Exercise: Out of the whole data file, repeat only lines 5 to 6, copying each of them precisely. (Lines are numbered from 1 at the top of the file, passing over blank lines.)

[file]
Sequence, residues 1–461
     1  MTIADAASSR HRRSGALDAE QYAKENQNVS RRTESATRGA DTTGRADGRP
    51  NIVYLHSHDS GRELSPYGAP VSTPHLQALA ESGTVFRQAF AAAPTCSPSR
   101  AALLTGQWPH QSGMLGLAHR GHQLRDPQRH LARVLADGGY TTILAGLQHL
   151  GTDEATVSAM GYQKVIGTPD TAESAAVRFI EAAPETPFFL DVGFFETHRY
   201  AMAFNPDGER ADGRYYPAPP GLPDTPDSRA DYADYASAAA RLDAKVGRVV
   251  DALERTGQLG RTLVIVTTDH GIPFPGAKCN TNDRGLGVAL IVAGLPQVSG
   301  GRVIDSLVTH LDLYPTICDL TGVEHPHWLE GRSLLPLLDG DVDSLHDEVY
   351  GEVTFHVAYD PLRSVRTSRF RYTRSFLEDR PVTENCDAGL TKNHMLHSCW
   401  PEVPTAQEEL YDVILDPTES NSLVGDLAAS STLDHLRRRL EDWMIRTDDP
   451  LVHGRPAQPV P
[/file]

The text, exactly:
   151  GTDEATVSAM GYQKVIGTPD TAESAAVRFI EAAPETPFFL DVGFFETHRY
   201  AMAFNPDGER ADGRYYPAPP GLPDTPDSRA DYADYASAAA RLDAKVGRVV